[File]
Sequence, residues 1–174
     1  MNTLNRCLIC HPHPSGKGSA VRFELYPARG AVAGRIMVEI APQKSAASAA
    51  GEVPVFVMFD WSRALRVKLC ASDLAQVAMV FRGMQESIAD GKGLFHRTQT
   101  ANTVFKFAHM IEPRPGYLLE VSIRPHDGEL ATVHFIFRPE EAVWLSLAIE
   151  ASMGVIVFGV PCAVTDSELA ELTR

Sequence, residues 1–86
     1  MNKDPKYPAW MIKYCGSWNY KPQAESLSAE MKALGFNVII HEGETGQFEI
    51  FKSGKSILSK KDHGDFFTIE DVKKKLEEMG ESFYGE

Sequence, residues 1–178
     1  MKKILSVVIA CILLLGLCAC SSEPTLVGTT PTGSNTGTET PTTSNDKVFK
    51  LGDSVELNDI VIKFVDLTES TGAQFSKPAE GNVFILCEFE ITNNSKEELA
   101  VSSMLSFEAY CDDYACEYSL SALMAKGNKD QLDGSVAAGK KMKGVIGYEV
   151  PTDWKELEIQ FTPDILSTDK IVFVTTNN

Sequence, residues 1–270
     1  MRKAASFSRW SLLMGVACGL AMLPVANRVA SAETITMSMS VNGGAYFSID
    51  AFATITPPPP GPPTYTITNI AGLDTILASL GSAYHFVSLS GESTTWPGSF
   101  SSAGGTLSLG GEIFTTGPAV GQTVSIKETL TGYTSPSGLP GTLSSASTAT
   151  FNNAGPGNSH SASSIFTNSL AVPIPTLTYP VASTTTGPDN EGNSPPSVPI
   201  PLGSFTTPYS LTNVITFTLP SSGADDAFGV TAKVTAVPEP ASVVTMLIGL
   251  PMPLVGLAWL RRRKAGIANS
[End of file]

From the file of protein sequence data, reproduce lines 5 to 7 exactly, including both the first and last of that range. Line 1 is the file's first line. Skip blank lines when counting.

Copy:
   151  ASMGVIVFGV PCAVTDSELA ELTR

Sequence, residues 1–86
     1  MNKDPKYPAW MIKYCGSWNY KPQAESLSAE MKALGFNVII HEGETGQFEI